A major topic in the field of machine learning (ML) that often arises when performance improvements are to be made is the cost to prepare data. Generating high-quality data to raise the prediction accuracy is usually difficult, expensive, or simply not possible. In addition, data is usually considered of lower importance, in contrast to the AI model itself. This is because ML engineers tend to modify the code of a model rather than clean up the data set. But especially for AI applications, it is important to examine the data as the system is built on both code and data, compared to traditional software which is powered only by code. Although it is usually assumed that 80% of the activities in machine learning are attributed to data cleaning, ensuring data quality (data-centric) is not seen as important as working on the model (model-centric). 
But why is no one using a data-centric approach?
A number of factors play a role here. On the one hand, a data-centric approach is seen as a time-consuming and boring task, on the other hand, it is also difficult to define what exactly constitutes a good data set. However, the urge of working on a good dataset is even becoming more important in the future as the amount of unlabeled data is generally growing due to cheaper ways of collecting and storing it. To build good models, good data is required, which comes at a price. “(...) annotated data is hard and expensive to obtain, notably in specialized domains where only experts whose time is scarce and precious can provide reliable labels.”  In reaction to this situation, researchers have started to raise awareness to close the gap between data acquisition and model building. This is exactly where the discipline of active learning comes in.
How does active learning contribute to getting better data?
Active learning integrates human knowledge into machine learning as it significantly reduces data requirements and increases the predictions of the AI. “It aims to select the most useful samples from the unlabeled dataset and hand it over to the oracle (e.g., human annotator) for labeling, so as to reduce the cost of labeling as much as possible while still maintaining performance.”  Active learning is especially useful when the amount of data is too large to be labeled or priorities need to be made for a smart way of labeling. Natural language processing (NLP) is one of the most popular areas where active learning comes to play. Mainly because applications of NLP require a large amount of labeled data there is a very high cost of labeling it. The use of active learning in NLP reduces the amount of data that needs to be accurately labeled by an expert in the training process of a model. Instead, the model already labels data on its own and asks for feedback when not exactly sure if it is the right label.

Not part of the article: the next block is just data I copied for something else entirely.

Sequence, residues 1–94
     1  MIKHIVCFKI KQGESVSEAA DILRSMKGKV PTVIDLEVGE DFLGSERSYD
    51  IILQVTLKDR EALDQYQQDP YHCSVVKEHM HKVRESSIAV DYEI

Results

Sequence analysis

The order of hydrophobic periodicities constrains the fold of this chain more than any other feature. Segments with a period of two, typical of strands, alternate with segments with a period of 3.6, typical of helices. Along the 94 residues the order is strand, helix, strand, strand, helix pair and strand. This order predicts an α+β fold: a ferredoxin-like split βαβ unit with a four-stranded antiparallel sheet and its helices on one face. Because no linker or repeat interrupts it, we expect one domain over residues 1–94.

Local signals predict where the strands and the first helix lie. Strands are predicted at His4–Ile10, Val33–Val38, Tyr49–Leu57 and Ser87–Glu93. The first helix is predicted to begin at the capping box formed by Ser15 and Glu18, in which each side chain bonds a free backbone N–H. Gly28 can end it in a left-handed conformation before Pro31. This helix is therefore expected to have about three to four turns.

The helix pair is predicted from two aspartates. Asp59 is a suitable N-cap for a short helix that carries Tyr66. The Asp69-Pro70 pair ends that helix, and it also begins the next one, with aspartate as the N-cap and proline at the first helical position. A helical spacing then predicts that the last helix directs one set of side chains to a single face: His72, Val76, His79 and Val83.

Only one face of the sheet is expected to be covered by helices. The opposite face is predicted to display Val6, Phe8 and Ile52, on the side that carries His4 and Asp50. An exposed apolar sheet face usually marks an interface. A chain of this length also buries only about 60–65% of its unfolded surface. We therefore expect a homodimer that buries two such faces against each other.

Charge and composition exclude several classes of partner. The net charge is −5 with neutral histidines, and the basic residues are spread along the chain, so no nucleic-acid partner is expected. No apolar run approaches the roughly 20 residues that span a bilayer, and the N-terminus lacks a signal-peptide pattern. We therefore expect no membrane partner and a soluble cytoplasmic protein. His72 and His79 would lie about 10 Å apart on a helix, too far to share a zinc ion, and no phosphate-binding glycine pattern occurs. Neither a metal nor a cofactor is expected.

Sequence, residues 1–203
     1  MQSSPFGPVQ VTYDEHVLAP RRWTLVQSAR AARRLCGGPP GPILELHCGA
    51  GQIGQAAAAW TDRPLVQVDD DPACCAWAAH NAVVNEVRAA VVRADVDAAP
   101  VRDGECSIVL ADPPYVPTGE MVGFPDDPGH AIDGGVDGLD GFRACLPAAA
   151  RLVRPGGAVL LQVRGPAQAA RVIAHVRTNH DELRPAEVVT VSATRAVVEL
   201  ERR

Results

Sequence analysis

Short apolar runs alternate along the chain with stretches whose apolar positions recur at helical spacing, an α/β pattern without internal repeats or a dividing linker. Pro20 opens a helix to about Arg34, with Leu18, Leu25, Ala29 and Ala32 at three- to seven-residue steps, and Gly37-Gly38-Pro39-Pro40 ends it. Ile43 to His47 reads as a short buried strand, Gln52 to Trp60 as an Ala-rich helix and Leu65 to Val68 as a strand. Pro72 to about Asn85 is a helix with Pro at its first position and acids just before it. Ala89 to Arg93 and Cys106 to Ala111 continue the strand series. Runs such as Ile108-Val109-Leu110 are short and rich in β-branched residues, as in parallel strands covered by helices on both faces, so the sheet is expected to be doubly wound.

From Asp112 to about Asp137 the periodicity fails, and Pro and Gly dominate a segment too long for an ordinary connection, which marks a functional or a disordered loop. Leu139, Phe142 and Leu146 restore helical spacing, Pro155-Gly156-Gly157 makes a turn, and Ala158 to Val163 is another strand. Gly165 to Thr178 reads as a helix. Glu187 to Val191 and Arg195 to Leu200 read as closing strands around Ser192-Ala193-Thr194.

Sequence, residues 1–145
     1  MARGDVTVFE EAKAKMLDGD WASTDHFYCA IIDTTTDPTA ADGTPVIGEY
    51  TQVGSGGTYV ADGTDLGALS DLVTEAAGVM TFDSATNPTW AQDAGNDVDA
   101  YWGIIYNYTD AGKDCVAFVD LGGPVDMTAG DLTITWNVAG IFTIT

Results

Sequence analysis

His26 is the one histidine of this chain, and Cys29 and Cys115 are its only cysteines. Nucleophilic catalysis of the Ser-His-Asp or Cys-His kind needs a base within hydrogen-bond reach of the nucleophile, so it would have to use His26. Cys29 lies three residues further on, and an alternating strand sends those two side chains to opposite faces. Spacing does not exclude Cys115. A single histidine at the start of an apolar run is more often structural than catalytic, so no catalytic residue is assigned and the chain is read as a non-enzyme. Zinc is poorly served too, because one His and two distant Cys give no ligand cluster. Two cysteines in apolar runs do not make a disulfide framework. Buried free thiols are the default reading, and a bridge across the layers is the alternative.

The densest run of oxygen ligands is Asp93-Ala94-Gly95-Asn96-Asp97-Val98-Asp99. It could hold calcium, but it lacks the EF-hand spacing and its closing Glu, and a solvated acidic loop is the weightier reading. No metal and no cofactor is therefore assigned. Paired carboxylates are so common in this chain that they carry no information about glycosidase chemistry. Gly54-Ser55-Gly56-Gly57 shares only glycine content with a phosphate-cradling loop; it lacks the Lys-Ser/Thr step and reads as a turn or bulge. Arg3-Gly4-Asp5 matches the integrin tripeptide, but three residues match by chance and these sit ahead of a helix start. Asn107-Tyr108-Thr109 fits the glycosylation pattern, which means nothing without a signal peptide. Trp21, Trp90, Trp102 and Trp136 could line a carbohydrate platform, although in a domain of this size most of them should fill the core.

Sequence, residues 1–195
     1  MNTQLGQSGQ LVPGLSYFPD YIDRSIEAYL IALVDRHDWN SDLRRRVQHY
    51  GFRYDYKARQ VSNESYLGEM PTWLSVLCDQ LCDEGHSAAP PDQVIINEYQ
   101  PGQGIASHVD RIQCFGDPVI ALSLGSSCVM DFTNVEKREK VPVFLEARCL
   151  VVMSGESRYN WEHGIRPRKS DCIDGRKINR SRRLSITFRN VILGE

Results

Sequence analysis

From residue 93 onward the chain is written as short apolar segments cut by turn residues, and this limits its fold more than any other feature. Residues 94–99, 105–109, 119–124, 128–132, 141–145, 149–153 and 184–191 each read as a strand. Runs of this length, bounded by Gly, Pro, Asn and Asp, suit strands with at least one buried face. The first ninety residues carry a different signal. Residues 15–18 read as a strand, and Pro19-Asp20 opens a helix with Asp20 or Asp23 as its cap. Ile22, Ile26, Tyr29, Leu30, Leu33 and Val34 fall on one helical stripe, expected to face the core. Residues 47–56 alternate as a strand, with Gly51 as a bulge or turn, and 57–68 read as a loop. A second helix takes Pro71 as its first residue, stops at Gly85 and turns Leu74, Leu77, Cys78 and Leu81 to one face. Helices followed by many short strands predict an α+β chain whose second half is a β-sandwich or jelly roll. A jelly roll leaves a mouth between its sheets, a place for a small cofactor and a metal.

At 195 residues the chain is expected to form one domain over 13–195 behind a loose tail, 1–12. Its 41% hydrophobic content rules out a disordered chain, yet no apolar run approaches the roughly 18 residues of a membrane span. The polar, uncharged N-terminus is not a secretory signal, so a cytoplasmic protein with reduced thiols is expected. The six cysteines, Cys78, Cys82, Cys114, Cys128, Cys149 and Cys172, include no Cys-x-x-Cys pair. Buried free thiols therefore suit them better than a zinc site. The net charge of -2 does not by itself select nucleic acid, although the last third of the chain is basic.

There are three different types of active learning referred to in different research papers. The most commonly used method pool-based learning takes the most informative instances rated by a score from the entire data pool and queries the human for labels. The stream-based selective sampling evaluates the informativeness of each unlabeled data point one at a time and decides for itself whether to query the human or to assign a label itself. The membership query synthesis is a method where the model generates its own instance from an underlying natural distribution. But any kind of prioritizing data points needs some general steps to perform active learning on an unlabeled data set. First, a very small subsample of data has to be manually labeled on which the model will then be trained. Afterwards, the model predicts the class of unlabeled data points, chooses a score based on the prediction of the model, and assigns data points that have to be labeled to the human. The approach of the training process is called semi-supervised learning, i.e. having only a small amount of labeled data but a large amount of unlabeled data. After receiving the human feedback, the model can be trained on the enhanced labeled data set which makes the model’s performance better by each cycle.
How we integrated active learning to get better prediction performance
In the following part, we explain how we implemented the active learning approach in the AI platform Konfuzio. We use the stream-based selective sampling approach but extend it for our application, where we rather need a data-centric approach that is applicable for continuous learning behaviour. This is the case as our goal is not to train a big dataset once and use it as it is in the following, but rather to train the model with a small set of data and continuously increase the prediction performance through retraining. A method that can be referred to is called incremental learning, which aims at extending the model’s knowledge over time as soon as new training data becomes available . Thus, the active learning approach covers a larger period of time and takes place regularly. So, what are the steps in improving our outcomes with active learning in a new project? Below you can find a visual representation of the process and a description of each step.